Research Papers: Evaporation, Boiling, and Condensation

A Dynamic Film Model of the Pulsating Heat Pipe

[+] Author and Article Information
Vadim S. Nikolayev

ESEME, Service des Basses Températures, INAC/CEA-Grenoble, France; and ESEME, PMMH-ESPCI, 10 Rue Vauquelin, 75231 Paris Cedex 5, Francevadim.nikolayev@espci.fr

J. Heat Transfer 133(8), 081504 (May 04, 2011) (9 pages) doi:10.1115/1.4003759 History: Received November 08, 2010; Revised March 04, 2011; Published May 04, 2011; Online May 04, 2011

This article deals with the numerical modeling of the pulsating heat pipe (PHP) and is based on the film evaporation/condensation model recently applied to the single-bubble PHP (Das, 2010, “Thermally Induced Two-Phase Oscillating Flow Inside a Capillary Tube,” Int. J. Heat Mass Transfer, 53(19–20), pp. 3905–3913). The described numerical code can treat the PHP of an arbitrary number of bubbles and branches. Several phenomena that occur inside the PHP are taken into account: coalescence of liquid plugs, film junction or rupture, etc. The model reproduces some of the experimentally observed regimes of functioning of the PHP such as chaotic or intermittent oscillations of large amplitudes. Some results on the PHP heat transfer are discussed.

Copyright © 2011 by American Society of Mechanical Engineers
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Figure 1

(a) Sketch of the closed loop PHP with the default gravity direction. Evaporator is to the left. Topological transformations of the tube. (b) Unlooping. (c) Unbending and projection to the x axis. The splitting of the x axis to branches is shown.

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Figure 2

Vapor bubble i that extends over Ne,i evaporators and the liquid films inside it

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Figure 3

Computer representation of the instantaneous state of the PHP as a doubly connected list. Each of its node (an oval) contains the state of a bubble-plug pair and two pointers (circles) to the previous and to the next nodes.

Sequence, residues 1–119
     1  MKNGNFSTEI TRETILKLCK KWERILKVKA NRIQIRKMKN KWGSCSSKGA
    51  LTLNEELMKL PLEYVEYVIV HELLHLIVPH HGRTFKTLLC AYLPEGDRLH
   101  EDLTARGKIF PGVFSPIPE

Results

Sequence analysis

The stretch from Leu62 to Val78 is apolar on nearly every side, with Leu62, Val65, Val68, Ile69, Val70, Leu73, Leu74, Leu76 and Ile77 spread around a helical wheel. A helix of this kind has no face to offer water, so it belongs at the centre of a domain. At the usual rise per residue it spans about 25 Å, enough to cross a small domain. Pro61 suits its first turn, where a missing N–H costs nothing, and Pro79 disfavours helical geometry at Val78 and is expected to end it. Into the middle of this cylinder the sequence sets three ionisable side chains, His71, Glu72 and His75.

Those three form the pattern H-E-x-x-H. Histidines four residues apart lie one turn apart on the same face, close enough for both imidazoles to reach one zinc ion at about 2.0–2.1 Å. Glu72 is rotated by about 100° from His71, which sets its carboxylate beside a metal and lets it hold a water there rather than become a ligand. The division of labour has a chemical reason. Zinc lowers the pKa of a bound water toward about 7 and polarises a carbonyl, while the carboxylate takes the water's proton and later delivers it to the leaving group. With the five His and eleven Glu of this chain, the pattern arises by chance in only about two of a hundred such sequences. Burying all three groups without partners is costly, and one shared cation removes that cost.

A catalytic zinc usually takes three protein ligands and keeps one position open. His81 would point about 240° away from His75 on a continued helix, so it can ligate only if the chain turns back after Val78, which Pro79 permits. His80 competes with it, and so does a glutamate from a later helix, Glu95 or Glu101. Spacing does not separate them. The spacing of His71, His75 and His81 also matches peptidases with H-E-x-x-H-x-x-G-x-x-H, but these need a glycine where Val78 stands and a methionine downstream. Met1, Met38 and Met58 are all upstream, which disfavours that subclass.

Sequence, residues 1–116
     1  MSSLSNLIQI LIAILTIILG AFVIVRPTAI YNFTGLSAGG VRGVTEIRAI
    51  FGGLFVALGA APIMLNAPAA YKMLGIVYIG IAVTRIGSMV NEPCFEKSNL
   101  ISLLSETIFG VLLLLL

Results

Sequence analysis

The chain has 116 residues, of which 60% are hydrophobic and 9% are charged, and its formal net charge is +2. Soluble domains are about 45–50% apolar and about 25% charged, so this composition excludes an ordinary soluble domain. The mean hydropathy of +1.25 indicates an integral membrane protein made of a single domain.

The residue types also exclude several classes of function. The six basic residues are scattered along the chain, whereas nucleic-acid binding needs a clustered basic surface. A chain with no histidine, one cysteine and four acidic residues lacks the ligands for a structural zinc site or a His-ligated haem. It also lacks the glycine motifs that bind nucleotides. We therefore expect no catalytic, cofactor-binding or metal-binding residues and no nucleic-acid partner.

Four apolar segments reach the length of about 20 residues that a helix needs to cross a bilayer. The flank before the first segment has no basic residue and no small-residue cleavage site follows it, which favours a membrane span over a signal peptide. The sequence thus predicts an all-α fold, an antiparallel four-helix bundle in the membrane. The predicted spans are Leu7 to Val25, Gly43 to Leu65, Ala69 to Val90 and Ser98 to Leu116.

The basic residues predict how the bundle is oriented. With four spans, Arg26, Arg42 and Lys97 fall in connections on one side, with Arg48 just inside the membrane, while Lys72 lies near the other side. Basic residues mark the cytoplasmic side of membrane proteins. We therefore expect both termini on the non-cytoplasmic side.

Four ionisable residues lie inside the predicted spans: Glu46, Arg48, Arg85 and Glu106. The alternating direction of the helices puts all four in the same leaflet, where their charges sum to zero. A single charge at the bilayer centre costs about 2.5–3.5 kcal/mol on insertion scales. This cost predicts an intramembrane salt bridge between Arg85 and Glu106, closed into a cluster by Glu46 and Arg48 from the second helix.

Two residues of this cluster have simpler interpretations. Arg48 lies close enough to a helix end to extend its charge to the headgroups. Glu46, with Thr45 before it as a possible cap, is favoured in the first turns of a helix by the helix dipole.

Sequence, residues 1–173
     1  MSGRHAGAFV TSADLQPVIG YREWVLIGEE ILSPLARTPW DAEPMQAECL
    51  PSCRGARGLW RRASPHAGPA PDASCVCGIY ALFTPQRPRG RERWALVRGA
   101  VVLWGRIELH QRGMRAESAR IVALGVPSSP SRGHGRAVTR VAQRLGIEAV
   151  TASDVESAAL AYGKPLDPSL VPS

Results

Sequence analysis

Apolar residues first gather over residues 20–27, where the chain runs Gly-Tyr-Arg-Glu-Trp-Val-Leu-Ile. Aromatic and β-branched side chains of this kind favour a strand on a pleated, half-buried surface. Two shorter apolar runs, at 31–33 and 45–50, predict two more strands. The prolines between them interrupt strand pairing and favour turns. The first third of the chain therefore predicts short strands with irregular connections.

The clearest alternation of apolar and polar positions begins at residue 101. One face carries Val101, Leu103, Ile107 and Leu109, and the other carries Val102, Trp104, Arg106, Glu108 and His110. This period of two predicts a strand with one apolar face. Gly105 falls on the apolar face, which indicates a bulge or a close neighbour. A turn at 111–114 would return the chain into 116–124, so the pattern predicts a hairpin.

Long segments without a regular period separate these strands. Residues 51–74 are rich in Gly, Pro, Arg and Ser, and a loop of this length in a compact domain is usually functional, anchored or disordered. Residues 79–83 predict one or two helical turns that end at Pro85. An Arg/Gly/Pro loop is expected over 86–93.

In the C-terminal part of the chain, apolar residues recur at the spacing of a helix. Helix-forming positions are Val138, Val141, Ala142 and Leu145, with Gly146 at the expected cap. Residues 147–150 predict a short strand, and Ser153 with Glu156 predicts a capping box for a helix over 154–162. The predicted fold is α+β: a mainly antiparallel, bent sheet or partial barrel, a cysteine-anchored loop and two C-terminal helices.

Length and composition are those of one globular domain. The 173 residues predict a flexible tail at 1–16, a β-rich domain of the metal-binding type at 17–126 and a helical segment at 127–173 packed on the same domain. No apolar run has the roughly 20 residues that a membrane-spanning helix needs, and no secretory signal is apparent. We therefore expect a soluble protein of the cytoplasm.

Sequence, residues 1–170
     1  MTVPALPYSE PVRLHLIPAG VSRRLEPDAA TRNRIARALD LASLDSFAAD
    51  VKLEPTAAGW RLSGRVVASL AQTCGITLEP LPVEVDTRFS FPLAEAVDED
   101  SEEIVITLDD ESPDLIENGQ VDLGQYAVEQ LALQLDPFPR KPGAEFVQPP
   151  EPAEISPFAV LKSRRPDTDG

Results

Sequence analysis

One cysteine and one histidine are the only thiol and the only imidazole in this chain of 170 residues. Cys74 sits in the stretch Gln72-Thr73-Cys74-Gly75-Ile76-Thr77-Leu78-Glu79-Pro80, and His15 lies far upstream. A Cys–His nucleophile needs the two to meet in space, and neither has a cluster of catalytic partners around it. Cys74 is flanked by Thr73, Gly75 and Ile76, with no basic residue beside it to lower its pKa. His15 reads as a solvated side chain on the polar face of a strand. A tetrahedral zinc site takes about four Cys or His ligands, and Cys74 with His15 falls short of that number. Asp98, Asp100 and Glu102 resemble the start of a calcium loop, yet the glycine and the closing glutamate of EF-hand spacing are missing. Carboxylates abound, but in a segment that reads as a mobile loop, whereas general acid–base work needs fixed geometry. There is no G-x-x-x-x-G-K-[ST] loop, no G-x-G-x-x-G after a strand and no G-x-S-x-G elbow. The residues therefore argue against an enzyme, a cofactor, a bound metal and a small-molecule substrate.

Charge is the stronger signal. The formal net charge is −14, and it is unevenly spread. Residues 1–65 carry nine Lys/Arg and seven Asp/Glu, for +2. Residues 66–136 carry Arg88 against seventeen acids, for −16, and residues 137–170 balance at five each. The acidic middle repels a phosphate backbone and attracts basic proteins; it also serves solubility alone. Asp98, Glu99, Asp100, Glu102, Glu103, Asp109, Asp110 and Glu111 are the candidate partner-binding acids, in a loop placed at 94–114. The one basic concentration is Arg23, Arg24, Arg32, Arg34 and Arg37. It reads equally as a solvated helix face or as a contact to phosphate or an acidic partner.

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Figure 4

General scheme of the C++ program

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Figure 5

The screen of the PHP_VIEWER version 1.6 in the liquid temperature visualization mode. The liquid films partially cover the internal tube walls inside the vapor bubbles. The temperature is indicated with coloring of the liquid plugs.

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Figure 6

Examples of the chaotic oscillation regime within the linear PHP representation schematized in Fig. 1. Evaporator (E) and condenser (C) sections are shown with the background bars; adiabatic sections are in between. PHP is shown partially with evolution of only several menisci. (a) Short-time evolution. The bubble recondensation occurs at an early stage. The evolution of only two film edges is shown by dotted lines. (b) Long-time evolution for Te=45°C, Tc=25°C, ϕ=0.55, and δf=40 μm.

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Figure 7

Heat transfer curve and PHP regimes for Tc=25°C, ϕ=0.55, and δf=40 μm

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Figure 8

Examples of the PHP heat exchange rate evolution in condenser and evaporator for the same parameters as Fig. 6. (a) Total heat exchange. The time average ⟨Q⟩ is shown with a horizontal line. (b) Part of the sensible heat exchange. The average values are 0.18 for evaporator and 0.29 for condenser.

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Figure 9

Typical evolution of temperatures obtained for a bubble from Fig. 6. The evolutions of the left and right ends of this bubble correspond to the third and second curves from the top of Fig. 6, respectively. The horizontal dashed lines correspond to Tc and Te.



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